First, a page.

11 Juni 2010

Modern commercial usage of Castor oil plant

Global castor seed production is around 1 million tons per year. Leading producing areas are India (with over 60% of the global yield), China and Brazil, and it is widely grown as a crop in Ethiopia. There are several active breeding programmes.
Other modern uses
In Brazil, castor oil (locally known as mamona oil) is now being used to produce biodiesel. In rural areas, the abundant seeds are used by children for slingshot balls, as they have the right weight, size, and hardness.

The attractive castor seeds are used in jewelry, mainly necklaces and bracelets. This practice is highly dangerous, due to the extreme toxicity of the seeds, especially if the seedcoat is drilled for stringing.

Castor oil in a processed form, called Polyglycerol polyricinoleate--or PGPR, is currently being used in chocolate bar manufacture as a less expensive substitute to cocoa butter.

Historical usage
Castor seeds have been found in Egyptian tombs dating back to 4000 BC; the slow burning oil was used mostly to fuel lamps. Herodotus and other Greek travelers noted the use of castor seed oil for lighting, body ointments, and improving hair growth and texture. Cleopatra is reputed to have used it to brighten the whites of her eyes. The Ebers Papyrus is an ancient Egyptian medical treatise believed to date from 1552 BC. Translated in 1872, it describes castor oil as a laxative.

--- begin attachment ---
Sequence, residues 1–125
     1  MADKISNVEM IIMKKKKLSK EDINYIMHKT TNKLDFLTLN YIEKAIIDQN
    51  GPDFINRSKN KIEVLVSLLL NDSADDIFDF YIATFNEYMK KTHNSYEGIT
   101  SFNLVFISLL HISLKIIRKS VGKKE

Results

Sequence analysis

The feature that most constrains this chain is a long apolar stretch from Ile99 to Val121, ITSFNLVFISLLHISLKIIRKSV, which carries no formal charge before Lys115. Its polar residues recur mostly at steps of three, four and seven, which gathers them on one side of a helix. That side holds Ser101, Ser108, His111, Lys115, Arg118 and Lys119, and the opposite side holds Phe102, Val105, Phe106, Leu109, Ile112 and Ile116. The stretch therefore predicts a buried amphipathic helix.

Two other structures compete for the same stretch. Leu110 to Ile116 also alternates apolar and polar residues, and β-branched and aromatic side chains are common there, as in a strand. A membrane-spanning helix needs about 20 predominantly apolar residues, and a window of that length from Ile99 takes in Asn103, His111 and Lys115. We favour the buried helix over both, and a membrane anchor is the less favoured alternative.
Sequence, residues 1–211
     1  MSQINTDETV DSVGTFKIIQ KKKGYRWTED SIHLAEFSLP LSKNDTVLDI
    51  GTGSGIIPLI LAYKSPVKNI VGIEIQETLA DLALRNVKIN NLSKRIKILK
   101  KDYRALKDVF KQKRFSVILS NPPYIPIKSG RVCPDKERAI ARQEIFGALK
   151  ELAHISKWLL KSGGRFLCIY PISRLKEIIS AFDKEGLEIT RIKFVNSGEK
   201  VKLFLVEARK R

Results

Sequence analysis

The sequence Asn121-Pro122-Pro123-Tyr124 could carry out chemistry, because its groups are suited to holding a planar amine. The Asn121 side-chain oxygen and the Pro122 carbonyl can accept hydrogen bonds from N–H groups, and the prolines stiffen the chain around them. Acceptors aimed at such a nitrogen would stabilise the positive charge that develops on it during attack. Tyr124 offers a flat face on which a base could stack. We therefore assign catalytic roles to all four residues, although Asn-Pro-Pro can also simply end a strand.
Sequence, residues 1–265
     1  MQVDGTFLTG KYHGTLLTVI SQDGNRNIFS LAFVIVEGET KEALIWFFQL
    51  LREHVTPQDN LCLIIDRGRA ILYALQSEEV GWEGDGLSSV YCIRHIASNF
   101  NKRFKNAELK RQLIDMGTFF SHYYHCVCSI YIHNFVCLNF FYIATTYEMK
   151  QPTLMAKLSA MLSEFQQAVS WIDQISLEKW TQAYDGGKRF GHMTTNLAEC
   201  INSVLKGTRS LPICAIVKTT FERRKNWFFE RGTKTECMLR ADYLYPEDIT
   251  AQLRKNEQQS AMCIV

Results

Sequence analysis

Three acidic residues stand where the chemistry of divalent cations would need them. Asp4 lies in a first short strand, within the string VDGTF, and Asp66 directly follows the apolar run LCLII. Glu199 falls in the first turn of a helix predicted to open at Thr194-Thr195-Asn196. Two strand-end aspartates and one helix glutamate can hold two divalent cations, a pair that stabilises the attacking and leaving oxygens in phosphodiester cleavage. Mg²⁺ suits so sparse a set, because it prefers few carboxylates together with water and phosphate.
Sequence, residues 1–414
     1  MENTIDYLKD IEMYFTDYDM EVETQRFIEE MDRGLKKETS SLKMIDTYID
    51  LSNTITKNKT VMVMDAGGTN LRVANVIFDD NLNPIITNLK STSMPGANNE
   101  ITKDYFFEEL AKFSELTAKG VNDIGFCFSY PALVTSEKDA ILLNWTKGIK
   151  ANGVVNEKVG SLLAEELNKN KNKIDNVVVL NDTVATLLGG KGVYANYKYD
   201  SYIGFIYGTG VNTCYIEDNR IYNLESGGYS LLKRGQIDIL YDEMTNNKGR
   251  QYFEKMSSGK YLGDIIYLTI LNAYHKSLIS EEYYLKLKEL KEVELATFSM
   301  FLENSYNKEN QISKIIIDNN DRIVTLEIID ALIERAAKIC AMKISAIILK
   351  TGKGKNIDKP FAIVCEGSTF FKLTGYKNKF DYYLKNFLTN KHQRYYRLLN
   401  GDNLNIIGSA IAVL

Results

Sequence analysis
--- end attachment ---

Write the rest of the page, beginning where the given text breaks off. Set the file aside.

The use of castor bean oil in India has been documented since 2000 BC in lamps and in local medicine as a laxative, purgative, and cathartic in Unani, Ayurvedic and other ethnomedical systems. Traditional Ayurvedic medicine considers castor oil the king of medicinals for curing arthritic diseases.

Castor seed and its oil have also been used in China for centuries, mainly prescribed in local medicine for internal use or use in dressings.

It was used in rituals of sacrifice to please the gods in early civilizations.

Castor oil is known to have been used as an instrument of coercion by the paramilitary Blackshirts under the regime of Italian dictator Benito Mussolini. Dissidents and regime opponents were forced to ingest the oil in large amounts, triggering severe diarrhoea and dehydration, which could ultimately cause death. This punishment method was originally thought of by Gabriele D'Annunzio, the Italian poet and Fascist supporter, during the First World War. (See also: Castor oil: Use as a means of intimidation in Fascist Italy)

Source: http://en.wikipedia.org/wiki/Castor_oil_plant
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